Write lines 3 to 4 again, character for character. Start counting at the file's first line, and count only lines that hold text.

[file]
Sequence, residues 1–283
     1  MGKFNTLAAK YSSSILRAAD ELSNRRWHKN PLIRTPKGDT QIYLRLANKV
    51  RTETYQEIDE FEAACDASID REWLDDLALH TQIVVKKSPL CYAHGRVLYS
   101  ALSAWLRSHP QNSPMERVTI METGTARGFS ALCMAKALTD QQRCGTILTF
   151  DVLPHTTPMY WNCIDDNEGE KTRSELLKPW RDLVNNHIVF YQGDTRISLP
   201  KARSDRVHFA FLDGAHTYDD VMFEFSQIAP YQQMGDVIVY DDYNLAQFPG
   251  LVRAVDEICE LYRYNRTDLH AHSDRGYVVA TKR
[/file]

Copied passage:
    51  RTETYQEIDE FEAACDASID REWLDDLALH TQIVVKKSPL CYAHGRVLYS
   101  ALSAWLRSHP QNSPMERVTI METGTARGFS ALCMAKALTD QQRCGTILTF